The MVRMA establishes co-management regulatory land and water boards for the Sahtu, Gwich'in, and Tli Cho settlement areas, granting these boards responsibility for issuing land-use permits and water-use licenses.
All boards formed under the MVRMA are called "administrative tribunals." They are quasi-judicial bodies and must observe the rules of natural justice in delivering their mandates and be fair and objective in their proceedings and deliberations.
The Mackenzie Valley Environmental Impact Review Board (MVEIRB), a public body created under the MVRMA as required by land-claim agreements, manages the environmental impact review process in a way that attempts to consider fully both science and indigenous knowledge.
In Section 115.1 of the MVRMA, the MVEIRB is instructed to "consider any traditional knowledge and scientific information that is made available to it." Furthermore, the Board makes its own commitment to the recognition of indigenous knowledge, asserting that "In order to ensure that aboriginal cultures, values and knowledge play an appropriate role in its determinations, the Review Board is committed to fully consider any traditional knowledge brought forward in its proceedings" (MVEIRB, 2005:4).
While suggesting that the NWT be regarded as a post-colonial space is neither the purpose nor the intent of this paper, we are interested in using this framework to explore the significance of the political changes that led to the creation of the MVRMA and subsequently to the inclusion of indigenous knowledge in resource management.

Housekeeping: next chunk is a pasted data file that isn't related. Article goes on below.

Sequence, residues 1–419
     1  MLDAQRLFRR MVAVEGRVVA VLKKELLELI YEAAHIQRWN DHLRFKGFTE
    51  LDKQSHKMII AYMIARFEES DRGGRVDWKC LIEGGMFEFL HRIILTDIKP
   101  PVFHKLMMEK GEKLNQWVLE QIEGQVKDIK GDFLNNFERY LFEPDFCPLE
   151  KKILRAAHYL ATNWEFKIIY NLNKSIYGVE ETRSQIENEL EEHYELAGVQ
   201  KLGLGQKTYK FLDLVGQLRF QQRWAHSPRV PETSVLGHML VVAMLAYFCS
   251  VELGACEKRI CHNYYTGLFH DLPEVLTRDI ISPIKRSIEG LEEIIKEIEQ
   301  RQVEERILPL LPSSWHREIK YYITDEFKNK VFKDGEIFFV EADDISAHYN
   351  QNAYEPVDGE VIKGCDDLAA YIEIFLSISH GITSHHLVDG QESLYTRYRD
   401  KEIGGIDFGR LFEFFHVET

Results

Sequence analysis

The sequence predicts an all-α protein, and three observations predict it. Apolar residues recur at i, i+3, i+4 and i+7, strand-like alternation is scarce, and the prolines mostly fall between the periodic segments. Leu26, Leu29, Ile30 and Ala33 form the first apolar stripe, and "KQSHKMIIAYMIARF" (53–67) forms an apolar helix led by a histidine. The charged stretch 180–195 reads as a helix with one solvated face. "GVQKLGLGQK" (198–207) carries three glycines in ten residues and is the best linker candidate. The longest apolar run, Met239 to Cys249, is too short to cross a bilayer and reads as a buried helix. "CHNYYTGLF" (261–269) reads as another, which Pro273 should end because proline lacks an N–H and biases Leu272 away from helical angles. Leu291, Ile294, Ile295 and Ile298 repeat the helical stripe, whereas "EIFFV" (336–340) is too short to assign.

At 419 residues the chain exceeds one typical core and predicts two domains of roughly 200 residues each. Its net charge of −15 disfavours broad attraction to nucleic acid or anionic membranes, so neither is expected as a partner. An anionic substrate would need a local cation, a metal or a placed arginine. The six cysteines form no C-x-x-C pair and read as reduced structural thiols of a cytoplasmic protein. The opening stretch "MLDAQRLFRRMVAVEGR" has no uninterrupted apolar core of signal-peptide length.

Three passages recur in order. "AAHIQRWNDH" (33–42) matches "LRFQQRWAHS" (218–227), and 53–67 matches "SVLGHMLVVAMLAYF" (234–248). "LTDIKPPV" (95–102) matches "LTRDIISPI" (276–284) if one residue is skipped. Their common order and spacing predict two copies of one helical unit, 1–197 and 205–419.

How did political change in the NWT lead to the creation of the MVRMA? How has this change opened spaces of inclusion for indigenous knowledge in resource management?
Interview respondents outline a series of political developments that they identify as critical to the creation of the MVRMA and to opening spaces for the inclusion of indigenous knowledge in the resource management process.
The comprehensive land-claim process has subsequently acted as a platform for other political developments, such as the MVRMA and self-government negotiations.
In particular, land claims laid the groundwork for the MVRMA, which in turn aims to provide a legal foundation for increasing local decision making.
Interview participants recognize the MVRMA as the direct result of settled land claims in the Mackenzie Valley and identify it as the culmination of a series of political changes that have brought greater decision-making capacity to the local level.
Archaeologist Tom Andrews, a longtime NWT resident, says the MVRMA has emerged from the collective struggle of the Dene Nation and other Aboriginal organizations since the 1970s to bring attention to themselves as equal players and partners in northern development and in knowledge.
Timing also played a key role in ensuring the inclusion of indigenous knowledge in the MVRMA, adds Charles Arnold, another archaeologist who has spent much of his life in the North.